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Flocas: 'I am proud of where I started playing rugby league'

With the announcement earlier this month that the Victoria Thunderbolts will be rebranded under the Melbourne Storm name, the future is looking bright for Victorian juniors coming through the ranks.

While the chapter that is the Victoria Thunderbolts will close, it doesn’t mean those that pulled on the Thunderbolts jersey will forget just what it meant to them as a youngster.

Victoria has been represented on the world stage at this year’s Rugby League World Cup, with a number of former Victorian representatives getting the call up to play for the respective countries.

The following players have taken part in the World Cup after playing down in Victoria earlier in their careers; Zev John (PNG 2018), Nicholas Flocas (Greece 2018-2019), Khalil Rahme (Lebanon 2020), Kelma Tuilagi (Samoa 2018), Daniel Atkinson (Italy 2020-2021) Tino Fa'asuamaleaui (Australia 2018) and Terry Constantinou (Greece).

Nic Flocas, Victoria’s most capped junior representative player, has just returned from representing Greece at their history Rugby League World Cup campaign.

Flocas joined former Victoria Thunderbolts coaching staff, Terry Constantinou, in the squad that took on England, Samoa and France at this year’s tournament.

Paired up as roommates on the trip, it was a fitting chance for both men who once had a coach and players relationship, to now reconnect as teammates after several years.

Having played in Victoria all the way from Under 12’s to Under 20’s, Flocas has since found a home up in QLD, notching up 17 games for the Ipswich Jets over the past two seasons in the Intrust Super Cup.

With his grandfather moving across to Australia from the Greek island of Ithaca, Flocas said he felt extremely proud to pull on the Greek Jersey in what was the nations inaugural World Cup appearance.

“It’s great to represent the family name of Flocas and all the sacrifices my father and grandfather had to go through for us to grow up in Australia," Flocas said.

"To be able to still be in touch with my heritage and go back and appreciate my culture is something I really value,” he said.

It’s a tradition for any new player in the Greek setup to perform a song or dance in front of the group, with Flocas choosing to give a rousing rendition of the Victoria Thunderbolts team song he used to sing as a teenager.

When quizzed on why he chose the Thunderbolts song, Flocas said he was proud to say he grew up playing rugby league in Victoria and his time in the Thunderbolts program meant a lot to him.

“In most football team’s new players have got to do an initiation and while some of the boys performed well known songs, here I was belting out the Thunderbolt team song with no one else singing along because they didn’t know the words,” he said.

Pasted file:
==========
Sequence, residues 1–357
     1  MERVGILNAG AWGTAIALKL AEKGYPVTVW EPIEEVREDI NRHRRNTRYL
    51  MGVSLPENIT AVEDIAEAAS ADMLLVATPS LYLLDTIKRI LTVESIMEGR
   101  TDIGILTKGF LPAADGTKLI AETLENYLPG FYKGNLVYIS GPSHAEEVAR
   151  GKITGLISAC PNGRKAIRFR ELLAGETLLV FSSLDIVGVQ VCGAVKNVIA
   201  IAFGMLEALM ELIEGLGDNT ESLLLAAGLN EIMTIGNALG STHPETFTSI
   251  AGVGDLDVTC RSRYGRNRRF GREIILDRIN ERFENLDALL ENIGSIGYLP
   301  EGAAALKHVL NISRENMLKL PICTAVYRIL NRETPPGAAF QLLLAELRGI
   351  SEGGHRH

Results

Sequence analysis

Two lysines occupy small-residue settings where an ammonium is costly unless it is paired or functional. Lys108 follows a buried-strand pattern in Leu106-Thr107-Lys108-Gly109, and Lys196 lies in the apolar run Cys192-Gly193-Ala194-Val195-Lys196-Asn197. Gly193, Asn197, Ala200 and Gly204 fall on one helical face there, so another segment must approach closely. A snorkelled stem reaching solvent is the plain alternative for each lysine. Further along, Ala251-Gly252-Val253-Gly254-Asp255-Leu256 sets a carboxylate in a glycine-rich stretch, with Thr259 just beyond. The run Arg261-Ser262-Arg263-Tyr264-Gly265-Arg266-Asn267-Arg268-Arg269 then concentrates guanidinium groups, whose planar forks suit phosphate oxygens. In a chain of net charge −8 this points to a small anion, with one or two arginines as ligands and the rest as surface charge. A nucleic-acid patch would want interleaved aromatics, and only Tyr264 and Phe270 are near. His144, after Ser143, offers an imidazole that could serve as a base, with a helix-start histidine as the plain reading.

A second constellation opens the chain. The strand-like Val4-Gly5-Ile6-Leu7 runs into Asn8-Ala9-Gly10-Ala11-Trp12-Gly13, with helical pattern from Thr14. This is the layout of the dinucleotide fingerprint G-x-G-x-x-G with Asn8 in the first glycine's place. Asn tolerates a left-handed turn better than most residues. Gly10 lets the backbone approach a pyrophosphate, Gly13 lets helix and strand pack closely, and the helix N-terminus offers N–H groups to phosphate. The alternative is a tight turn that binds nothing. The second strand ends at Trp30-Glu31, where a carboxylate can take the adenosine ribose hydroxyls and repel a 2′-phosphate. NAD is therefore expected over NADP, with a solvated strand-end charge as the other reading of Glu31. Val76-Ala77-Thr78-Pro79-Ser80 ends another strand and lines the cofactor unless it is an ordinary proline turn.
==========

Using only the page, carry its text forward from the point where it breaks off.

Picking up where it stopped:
“I'm proud of where I come from and where I started playing rugby league, I’ll always be TBolt #17 and to be the most capped player is something I’ll always hold my hat on,” he said.

“Coming through the Victorian system, I'm thankful for the coaches that I've had throughout the years and were lucky enough to be together for a number of years so we grew together and got better as the years went on.”

Flocas said the chance to play alongside Constantinou, who played for the Waverley Oakleigh Panthers in the Storm Premiership Men’s First Grade this year, was almost like the perfect Hollywood script.

“While it was a different relationship going from coach/player to now teammates, we got to reconnect and we were probably in each other's pockets for the whole trip so you could almost write a movie about it!” Flocas said.

“Terry he’s been a part of it for 10 years, so I just tried to learn off him and he touched on all of the history and what they've put they had to go for Greece to make their first World Cup.”

“I didn't want to come into camp and be disrespectful as I wasn't owed anything, so the most important thing I told myself was to respect those who have worn the jersey before me and gotten us to the fortunate position we are in today.”

Flocas highlighted the importance of recognising the work and sacrifices that the players and staff before him did in order to make their World Cup dream a reality.

He hopes he can use his experience to help guide the next crop of young Greek players coming through to ensure Greek rugby league can build off the back of this year’s success.

“Not too many people get to experience a World Cup and so if I can use some of the things I've picked up from some of the boys like Lachlan Ilias, Billy Magoulias and Peter Mamouzelos then I'll definitely be passing that on to the next generation of Greek talent wherever I can."

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